While the US and European pharmaceutical markets have never been completely comparable to one another, events on Wednesday highlighted how divergent they have become.
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The industry launched its latest attack  on EU austerity measures, led on this occasion by Richard Bergstrom – director general of the European Federation of Pharmaceutical Industries and Associations.
The narrative? – not a particularly new one; that measures in certain European countries – Germany highlighted as a key example – are causing companies to either delay the introduction of new products or withdraw existing ones if manufacturers are unable to secure a suitable price, reported Bloomberg.
Such moves are not novel, nor is playing of the 'media card' by leading industry representatives when it comes to attacking pricing and reimbursement policies, critics will suggest. More significant, however, is the growing sense among leading players that austerity measures across the region will not become notably easier to manage in the short term (as, in some cases, revenue guidance appeared to previously suggest; see ViewPoints: Will European austerity measures prompt structural changes at GlaxoSmithKline? ). If anything, the outlook for manufacturers in Europe is likely to worsen with austerity measures now at least partially dictating fundamental operating structures – such as R&D – among the leading players.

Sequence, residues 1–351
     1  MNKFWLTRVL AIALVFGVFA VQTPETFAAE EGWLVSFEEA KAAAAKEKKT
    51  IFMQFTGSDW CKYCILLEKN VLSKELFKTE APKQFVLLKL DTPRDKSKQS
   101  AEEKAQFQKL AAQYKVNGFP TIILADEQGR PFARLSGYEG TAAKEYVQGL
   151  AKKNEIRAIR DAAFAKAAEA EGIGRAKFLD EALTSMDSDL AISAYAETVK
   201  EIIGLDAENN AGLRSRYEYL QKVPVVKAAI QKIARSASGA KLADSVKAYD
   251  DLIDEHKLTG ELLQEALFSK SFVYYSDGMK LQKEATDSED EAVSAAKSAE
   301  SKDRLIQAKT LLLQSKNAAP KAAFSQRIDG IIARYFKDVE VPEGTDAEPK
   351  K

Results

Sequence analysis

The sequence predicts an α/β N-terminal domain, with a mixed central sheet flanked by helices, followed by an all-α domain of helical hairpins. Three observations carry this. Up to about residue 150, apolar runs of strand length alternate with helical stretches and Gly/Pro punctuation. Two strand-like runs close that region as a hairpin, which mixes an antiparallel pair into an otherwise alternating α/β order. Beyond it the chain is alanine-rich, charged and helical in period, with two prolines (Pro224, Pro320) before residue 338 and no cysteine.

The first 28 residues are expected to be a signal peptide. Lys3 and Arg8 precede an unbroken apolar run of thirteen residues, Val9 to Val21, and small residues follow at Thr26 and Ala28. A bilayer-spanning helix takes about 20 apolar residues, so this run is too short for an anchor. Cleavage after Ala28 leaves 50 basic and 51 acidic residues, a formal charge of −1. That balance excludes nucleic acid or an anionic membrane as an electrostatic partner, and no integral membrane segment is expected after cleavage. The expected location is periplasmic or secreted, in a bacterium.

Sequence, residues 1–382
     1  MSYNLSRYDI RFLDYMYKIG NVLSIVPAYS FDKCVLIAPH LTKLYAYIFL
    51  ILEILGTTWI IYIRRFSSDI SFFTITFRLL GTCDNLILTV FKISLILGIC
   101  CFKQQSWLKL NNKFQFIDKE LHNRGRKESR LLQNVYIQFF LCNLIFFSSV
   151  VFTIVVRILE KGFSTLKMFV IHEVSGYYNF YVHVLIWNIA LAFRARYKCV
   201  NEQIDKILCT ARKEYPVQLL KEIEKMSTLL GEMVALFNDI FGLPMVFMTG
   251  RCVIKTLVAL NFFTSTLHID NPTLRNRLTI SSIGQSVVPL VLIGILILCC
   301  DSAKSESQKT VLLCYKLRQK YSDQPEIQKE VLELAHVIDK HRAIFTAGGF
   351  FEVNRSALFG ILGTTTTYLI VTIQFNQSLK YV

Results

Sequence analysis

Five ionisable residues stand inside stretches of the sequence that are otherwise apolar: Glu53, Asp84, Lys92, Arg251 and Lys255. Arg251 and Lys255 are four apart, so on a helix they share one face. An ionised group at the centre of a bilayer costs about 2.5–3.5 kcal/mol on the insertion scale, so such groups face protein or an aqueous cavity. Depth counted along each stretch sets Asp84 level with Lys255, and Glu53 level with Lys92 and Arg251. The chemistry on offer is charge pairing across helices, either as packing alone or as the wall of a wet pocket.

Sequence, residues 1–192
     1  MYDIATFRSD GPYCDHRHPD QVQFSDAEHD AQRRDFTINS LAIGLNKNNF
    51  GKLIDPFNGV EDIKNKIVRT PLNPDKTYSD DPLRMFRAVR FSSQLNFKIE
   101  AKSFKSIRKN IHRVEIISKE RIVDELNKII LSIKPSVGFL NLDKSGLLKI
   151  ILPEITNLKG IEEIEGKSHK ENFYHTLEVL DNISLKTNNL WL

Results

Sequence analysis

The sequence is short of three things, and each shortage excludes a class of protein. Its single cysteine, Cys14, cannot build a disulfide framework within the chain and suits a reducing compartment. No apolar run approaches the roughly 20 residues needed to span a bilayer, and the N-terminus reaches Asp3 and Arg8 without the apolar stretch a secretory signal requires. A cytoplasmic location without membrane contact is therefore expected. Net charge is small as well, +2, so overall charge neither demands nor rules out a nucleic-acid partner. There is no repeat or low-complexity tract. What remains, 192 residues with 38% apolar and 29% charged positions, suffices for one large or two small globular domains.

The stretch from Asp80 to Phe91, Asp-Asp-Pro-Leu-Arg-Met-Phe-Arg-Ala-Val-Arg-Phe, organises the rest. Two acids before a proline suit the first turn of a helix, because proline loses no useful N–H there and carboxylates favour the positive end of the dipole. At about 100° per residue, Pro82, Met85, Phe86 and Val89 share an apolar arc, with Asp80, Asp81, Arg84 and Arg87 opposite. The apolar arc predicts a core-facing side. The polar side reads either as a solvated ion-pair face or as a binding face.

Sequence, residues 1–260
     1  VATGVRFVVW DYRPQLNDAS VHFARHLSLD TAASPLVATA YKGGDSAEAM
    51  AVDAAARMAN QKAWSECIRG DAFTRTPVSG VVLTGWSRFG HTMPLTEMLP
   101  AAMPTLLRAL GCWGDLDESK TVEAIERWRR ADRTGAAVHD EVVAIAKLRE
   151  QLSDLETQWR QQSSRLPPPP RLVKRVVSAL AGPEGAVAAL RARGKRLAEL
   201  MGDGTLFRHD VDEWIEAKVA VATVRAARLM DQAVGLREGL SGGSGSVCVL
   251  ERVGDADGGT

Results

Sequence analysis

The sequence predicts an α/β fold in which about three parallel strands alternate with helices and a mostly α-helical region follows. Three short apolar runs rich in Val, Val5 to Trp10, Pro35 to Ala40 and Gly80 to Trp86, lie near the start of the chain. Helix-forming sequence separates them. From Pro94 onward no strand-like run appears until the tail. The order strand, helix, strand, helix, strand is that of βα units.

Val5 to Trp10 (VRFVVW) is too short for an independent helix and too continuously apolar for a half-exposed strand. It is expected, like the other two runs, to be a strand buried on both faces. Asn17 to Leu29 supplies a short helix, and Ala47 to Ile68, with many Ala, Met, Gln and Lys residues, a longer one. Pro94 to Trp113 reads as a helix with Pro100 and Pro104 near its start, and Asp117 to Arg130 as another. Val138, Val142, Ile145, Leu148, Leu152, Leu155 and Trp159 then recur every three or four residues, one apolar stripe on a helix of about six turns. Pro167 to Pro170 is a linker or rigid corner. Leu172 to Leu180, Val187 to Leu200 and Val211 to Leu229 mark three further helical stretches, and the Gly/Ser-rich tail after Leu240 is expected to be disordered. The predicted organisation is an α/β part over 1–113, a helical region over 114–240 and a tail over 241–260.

The industry can breathe a sigh of relief then that in the US the ability to increase branded prices remains – for the time being at least – unrestricted.
Indeed, according to a new quarterly report published by the pharmacy benefits manager Express Scripts, prices across a basket of widely used branded products increased by an average of 13.3 percent for the first nine months of 2012 versus the comparable period in 2011. By comparison, US inflation grew by 2 percent.
Although there has always been "brand inflation," noted Steve Miller, chief medical officer at Express Scripts, it was "larger than usual" for the first nine months of 2012. What has been the catalyst for this? – Most likely the patent cliff, but possibly also the realisation that the US market retains a level of flexibility lacking elsewhere.
For how long the disparity between the US and EU markets remains at this level is open to conjecture. Recent pricing moves in the colorectal cancer market have caused commentators to suggest that EU-like austerity measures have begun to have a creeping influence on the US market (see ViewPoints: Sanofi blinks first in cancer price stand-off; what implications for industry/payer relationship in US? ).